Keep Israel and the Church Distinct
A dispensationalist keeps Israel and the church distinct. This is stated in different ways by both friends and foes of dispensationalism. Fuller says that ‘the basic premise of Dispensationalism is two purposes God expressed in the formation of two peoples who maintain their distinction throughout eternity.’ A. C. Gaebelein stated it in terms of the difference between the Jews, the Gentiles, and the church of God.
The essence of dispensationalism, then, is the distinction between Israel and the church.
— Charles Ryrie, Dispensationalism (source).
Why is the dispensationalist so eager to keep Israel and the church distinct, or separate from each other?
All interpreters feel the need for distinctions. Obviously this does not prove that dispensationalist’s distinctions are the correct ones, but it does demonstrate that the need for distinctions as basic to the proper interpretation of the Scriptures is recognized. There is some truth in the two statements ‘Any person is a dispensationalist who trusts the blood of Christ rather than bringing an animal sacrifice’ and ‘Any person is a dispensationalist who observes the first day of the week rather than the seventh’. That is true simply because every person who does not bring an animal sacrifice or who does not observe Saturday as his day of worship recognizes the need for distinctions in the interpretation of the Bible. The dispensationalist feels that his system supplies the answer to that need. (source)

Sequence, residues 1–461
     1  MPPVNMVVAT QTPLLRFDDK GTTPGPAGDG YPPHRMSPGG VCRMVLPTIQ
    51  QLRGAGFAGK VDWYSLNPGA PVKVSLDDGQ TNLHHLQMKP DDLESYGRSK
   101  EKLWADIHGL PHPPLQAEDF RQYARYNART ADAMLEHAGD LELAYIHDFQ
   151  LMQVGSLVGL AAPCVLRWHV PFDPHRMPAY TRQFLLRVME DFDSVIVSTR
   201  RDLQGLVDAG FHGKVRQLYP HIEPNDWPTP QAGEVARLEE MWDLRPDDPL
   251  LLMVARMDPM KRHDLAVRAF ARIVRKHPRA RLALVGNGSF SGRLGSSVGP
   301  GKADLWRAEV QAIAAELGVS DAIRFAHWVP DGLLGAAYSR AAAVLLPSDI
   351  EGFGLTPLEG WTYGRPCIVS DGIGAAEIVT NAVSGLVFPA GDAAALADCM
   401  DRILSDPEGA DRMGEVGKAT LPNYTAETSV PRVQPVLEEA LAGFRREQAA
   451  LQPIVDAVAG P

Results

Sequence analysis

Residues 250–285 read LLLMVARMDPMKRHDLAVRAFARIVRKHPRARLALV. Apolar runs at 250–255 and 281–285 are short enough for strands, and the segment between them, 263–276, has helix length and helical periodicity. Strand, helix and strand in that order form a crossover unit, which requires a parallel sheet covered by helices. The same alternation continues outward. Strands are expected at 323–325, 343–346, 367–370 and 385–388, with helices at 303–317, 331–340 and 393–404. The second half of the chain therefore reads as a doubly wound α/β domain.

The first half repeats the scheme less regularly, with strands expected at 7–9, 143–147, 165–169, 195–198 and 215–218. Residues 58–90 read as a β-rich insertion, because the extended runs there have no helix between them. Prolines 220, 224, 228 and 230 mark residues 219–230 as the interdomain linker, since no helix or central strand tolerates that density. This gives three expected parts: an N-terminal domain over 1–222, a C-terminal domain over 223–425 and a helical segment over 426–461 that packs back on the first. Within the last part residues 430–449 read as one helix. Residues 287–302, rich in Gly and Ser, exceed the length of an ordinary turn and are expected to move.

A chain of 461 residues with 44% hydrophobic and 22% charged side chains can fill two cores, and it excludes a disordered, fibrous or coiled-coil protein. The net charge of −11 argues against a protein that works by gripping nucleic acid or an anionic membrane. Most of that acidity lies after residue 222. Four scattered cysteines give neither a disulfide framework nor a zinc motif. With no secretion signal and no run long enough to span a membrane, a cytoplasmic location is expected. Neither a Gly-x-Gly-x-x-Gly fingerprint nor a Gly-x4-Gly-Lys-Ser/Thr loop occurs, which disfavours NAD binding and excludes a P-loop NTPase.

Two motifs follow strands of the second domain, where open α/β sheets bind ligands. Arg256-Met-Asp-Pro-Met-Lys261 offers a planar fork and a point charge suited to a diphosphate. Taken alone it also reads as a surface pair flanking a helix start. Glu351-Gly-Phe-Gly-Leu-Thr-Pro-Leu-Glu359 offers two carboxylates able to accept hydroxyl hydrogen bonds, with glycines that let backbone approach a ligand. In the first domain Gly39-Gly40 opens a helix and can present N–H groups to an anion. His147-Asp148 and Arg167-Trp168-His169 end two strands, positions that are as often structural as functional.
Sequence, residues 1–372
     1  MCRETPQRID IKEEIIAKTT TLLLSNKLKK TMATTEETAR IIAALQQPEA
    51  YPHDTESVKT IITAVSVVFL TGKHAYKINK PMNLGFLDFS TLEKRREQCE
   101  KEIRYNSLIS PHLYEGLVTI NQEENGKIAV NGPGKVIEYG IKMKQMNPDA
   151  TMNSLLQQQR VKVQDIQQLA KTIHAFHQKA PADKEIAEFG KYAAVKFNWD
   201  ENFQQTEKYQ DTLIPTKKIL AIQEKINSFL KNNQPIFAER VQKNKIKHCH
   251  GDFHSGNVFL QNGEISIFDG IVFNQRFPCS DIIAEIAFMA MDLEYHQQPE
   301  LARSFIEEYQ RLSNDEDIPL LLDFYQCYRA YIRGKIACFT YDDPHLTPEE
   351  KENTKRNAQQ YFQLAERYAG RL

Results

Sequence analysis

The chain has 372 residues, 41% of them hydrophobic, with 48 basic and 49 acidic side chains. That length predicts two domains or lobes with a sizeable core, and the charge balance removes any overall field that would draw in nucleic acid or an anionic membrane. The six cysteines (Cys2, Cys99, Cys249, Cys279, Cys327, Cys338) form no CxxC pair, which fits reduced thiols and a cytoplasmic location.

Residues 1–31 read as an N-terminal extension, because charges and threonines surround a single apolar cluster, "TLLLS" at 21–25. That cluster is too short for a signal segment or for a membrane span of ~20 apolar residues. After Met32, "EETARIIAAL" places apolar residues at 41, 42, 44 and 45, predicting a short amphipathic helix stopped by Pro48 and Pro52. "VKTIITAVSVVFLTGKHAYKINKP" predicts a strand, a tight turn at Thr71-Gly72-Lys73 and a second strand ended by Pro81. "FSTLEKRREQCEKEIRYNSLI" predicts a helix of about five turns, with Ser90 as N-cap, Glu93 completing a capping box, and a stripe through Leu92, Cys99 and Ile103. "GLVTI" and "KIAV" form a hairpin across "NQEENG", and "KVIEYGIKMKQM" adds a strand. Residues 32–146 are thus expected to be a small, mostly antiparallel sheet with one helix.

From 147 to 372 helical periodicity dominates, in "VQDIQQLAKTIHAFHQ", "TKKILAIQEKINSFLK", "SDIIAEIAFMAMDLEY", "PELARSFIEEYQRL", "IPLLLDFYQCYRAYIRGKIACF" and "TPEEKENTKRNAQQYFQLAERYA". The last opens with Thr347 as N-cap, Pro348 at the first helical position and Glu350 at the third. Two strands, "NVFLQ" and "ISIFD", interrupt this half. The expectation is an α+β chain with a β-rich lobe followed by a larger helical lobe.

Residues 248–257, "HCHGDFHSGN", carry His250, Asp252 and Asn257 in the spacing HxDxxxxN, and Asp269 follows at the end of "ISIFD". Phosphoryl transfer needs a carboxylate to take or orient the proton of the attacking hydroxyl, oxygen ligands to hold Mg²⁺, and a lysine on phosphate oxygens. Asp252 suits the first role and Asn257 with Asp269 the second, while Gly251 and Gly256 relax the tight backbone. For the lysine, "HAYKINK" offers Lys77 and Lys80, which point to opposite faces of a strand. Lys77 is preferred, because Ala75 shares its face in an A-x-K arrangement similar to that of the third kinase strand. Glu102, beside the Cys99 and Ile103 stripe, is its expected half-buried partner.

Ryrie is saying that unless we want to be under the law of Moses, like the Israelites were, then a distinction between Israel and the church is essential. Unless we want to have to give up eating bacon and pork, or unless we want to have to stop attending church on Sunday, we’d better make sure to keep a distinction between Israel and the church.
How do dispensationalists support this with Scripture?
One verse often used is Romans 10:4.
For Christ is the end of the law for righteousness to every one that believeth.
A second passage is 2 Corinthians 3:7-11.
7 But if the ministration of death, written and engraven in stones, was glorious, so that the children of Israel could not stedfastly behold the face of Moses for the glory of his countenance; which glory was to be done away:
8 How shall not the ministration of the spirit be rather glorious?
9 For if the ministration of condemnation be glory, much more doth the ministration of righteousness exceed in glory.
10 For even that which was made glorious had no glory in this respect, by reason of the glory that excelleth.
11 For if that which is done away was glorious, much more that which remaineth is glorious.
However, these verses by Paul seem to contradict words by Jesus in Matthew 5.
17 Think not that I am come to destroy the law, or the prophets: I am not come to destroy, but to fulfil.
18 For verily I say unto you, Till heaven and earth pass, one jot or one tittle shall in no wise pass from the law, till all be fulfilled.
19 Whosoever therefore shall break one of these least commandments, and shall teach men so, he shall be called the least in the kingdom of heaven: but whosoever shall do and teach them, the same shall be called great in the kingdom of heaven.
20 For I say unto you, That except your righteousness shall exceed the righteousness of the scribes and Pharisees, ye shall in no case enter into the kingdom of heaven. (Matthew 5:17-20)
This is tough to understand! Jesus said he would not abolish even the smallest part of the law, not even after He had fulfilled them. He said that they would last until heaven and earth disappeared — which obviously hasn’t happened yet.
So has Paul made a mistake? No, Scripture cannot contradict itself.
Peter admitted that Paul’s letters are difficult to understand.
15 And account that the longsuffering of our Lord is salvation; even as our beloved brother Paul also according to the wisdom given unto him hath written unto you;